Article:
Wei ZC, Wang MJ, Zhu JN, Gu LY (2011) Cutting force prediction in ball end milling of sculptured surface with Z-level contouring tool path. Int J Mach Tools Manuf 51(5):428–432CrossRefGoogle Scholar
  25. 25.
    Boz Y, Erdim H, Lazoglu I (2011) Modeling cutting forces for five axis milling of sculptured surfaces. Adv Mater Res 223:701–712CrossRefGoogle Scholar
  26. 26.
    Sullivan A, Erdim H, Perry RN, Frisken SF (2012) High accuracy NC milling simulation using composite adaptively sampled distance fields. Comput Aided Des 44(6):522–536CrossRefGoogle Scholar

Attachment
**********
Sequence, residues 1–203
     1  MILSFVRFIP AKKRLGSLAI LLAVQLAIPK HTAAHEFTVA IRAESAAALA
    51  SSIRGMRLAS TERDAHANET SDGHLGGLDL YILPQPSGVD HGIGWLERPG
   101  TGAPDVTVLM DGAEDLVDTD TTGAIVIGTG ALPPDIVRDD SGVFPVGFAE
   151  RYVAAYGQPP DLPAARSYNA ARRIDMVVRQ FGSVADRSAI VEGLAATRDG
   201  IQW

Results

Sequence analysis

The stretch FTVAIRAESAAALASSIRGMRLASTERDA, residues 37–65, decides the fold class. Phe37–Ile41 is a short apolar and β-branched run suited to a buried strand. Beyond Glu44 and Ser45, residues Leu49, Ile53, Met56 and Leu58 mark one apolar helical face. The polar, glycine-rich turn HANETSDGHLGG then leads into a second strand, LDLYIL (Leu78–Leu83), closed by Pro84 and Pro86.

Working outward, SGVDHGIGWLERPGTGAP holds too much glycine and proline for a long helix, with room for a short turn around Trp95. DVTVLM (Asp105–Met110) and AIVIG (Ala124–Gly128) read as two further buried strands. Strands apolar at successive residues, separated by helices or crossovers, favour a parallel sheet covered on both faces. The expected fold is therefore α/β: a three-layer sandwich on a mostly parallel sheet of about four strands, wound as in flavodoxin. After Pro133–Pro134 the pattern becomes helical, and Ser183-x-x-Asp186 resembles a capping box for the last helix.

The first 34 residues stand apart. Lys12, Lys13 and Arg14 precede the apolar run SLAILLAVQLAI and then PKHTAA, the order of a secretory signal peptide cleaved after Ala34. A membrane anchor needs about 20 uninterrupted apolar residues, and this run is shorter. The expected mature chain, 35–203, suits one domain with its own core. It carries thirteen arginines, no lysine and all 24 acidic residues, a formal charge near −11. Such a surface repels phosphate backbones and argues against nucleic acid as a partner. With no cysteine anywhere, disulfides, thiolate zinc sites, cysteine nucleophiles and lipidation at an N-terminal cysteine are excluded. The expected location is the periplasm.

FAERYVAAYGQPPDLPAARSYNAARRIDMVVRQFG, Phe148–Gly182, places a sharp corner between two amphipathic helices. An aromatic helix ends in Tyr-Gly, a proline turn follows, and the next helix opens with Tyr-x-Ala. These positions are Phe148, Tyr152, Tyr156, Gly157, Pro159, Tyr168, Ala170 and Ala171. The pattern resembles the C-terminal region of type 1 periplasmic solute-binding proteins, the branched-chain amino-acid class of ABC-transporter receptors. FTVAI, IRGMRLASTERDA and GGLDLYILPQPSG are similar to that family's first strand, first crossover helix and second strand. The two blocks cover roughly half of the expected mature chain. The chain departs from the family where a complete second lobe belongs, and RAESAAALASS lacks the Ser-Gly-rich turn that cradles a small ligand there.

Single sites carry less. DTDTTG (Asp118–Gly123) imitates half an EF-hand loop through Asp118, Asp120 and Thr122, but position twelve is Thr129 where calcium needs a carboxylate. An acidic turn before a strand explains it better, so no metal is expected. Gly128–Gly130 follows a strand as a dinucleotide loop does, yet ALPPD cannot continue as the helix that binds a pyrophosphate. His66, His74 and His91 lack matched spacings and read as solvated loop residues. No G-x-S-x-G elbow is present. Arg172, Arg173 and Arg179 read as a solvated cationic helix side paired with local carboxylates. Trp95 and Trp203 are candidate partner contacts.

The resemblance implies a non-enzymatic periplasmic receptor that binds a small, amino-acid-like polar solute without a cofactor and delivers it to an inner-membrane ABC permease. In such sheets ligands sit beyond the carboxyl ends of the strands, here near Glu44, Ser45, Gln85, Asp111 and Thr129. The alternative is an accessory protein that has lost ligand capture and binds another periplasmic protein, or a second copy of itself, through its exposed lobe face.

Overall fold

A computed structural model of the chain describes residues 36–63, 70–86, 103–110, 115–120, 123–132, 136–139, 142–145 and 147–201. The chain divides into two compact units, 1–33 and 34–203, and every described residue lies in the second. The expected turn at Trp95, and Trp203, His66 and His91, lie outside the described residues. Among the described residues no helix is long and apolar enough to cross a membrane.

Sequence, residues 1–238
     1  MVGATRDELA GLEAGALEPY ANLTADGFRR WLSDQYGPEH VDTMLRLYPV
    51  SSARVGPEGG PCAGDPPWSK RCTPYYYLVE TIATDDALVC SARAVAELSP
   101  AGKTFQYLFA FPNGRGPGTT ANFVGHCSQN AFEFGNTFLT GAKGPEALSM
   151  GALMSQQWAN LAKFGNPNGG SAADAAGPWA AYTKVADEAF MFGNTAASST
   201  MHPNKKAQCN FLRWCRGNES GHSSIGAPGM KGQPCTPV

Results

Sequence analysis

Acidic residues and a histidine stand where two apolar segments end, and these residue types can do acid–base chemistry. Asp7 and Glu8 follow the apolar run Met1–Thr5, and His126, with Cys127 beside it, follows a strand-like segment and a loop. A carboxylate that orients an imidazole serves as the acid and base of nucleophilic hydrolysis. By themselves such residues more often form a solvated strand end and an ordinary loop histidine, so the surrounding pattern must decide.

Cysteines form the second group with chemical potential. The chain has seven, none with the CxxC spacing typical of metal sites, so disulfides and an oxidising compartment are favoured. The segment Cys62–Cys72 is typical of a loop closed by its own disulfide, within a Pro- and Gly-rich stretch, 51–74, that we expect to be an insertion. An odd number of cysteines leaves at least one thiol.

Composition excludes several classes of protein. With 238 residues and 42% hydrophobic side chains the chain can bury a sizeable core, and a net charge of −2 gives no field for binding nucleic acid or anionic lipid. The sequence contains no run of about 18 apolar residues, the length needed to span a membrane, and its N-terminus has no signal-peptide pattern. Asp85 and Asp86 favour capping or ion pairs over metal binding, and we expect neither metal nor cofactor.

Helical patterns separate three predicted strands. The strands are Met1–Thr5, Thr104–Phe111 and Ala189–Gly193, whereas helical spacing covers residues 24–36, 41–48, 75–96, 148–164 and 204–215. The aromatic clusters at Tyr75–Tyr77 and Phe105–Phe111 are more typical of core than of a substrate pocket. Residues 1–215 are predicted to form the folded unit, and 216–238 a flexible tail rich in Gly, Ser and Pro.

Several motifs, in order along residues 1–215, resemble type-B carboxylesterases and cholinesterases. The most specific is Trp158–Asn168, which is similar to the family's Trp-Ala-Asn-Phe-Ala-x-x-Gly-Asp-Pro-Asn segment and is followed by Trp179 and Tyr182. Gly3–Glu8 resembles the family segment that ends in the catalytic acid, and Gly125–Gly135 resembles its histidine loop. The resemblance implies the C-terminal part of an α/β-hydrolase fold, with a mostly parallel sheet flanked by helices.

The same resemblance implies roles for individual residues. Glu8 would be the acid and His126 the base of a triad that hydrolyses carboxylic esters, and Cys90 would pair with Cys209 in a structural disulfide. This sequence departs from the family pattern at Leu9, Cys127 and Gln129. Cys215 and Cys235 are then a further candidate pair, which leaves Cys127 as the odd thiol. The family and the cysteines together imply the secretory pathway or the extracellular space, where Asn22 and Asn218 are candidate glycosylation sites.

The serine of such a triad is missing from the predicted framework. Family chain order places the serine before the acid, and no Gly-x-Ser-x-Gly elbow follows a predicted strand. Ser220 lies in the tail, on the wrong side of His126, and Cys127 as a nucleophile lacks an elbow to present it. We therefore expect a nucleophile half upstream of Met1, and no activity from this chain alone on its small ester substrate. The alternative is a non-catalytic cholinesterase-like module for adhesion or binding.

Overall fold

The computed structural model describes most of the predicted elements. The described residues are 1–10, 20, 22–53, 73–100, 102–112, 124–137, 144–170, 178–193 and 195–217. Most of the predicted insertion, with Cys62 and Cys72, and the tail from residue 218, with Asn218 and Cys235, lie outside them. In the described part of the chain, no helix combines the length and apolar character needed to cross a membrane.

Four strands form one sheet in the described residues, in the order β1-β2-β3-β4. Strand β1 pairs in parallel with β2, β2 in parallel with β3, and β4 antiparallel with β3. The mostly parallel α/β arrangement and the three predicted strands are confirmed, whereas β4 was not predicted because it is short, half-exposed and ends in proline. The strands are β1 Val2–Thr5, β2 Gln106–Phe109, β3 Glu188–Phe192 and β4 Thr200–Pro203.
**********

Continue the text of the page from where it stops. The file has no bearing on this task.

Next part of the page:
27. 27.
    Li ZL, Wang XZ, Zhu LM (2016) Arc-surface intersection method to calculate cutter-workpiece engagements for generic cutter in five-axis milling. Comput Aided Des 73:1–10CrossRefGoogle Scholar
  28. 28.
    Comak A, Altintas Y (2017) Mechanics of turn-milling operations. Int J Mach Tools Manuf 121:2–9CrossRefGoogle Scholar

Copyright information

© Springer-Verlag London Ltd., part of Springer Nature 2019

Authors and Affiliations

  • Zhiyong Chang
    • 1
  • Junjie Qian
    • 1
  • Zezhong C. Chen
    • 2
    Email author
  • Neng Wan
    • 1
  • Dinghua Zhang
    • 1
  1. 1.The Key Laboratory of Contemporary Design and Integrated Manufacturing Technology of Ministry of Education, Department of Advanced Manufacturing Engineering, School of Mechanical EngineeringNorthwestern Polytechnical UniversityXi’anChina
  2. 2.Department of Mechanical and Industrial EngineeringConcordia UniversityMontrealCanada

Personalised recommendations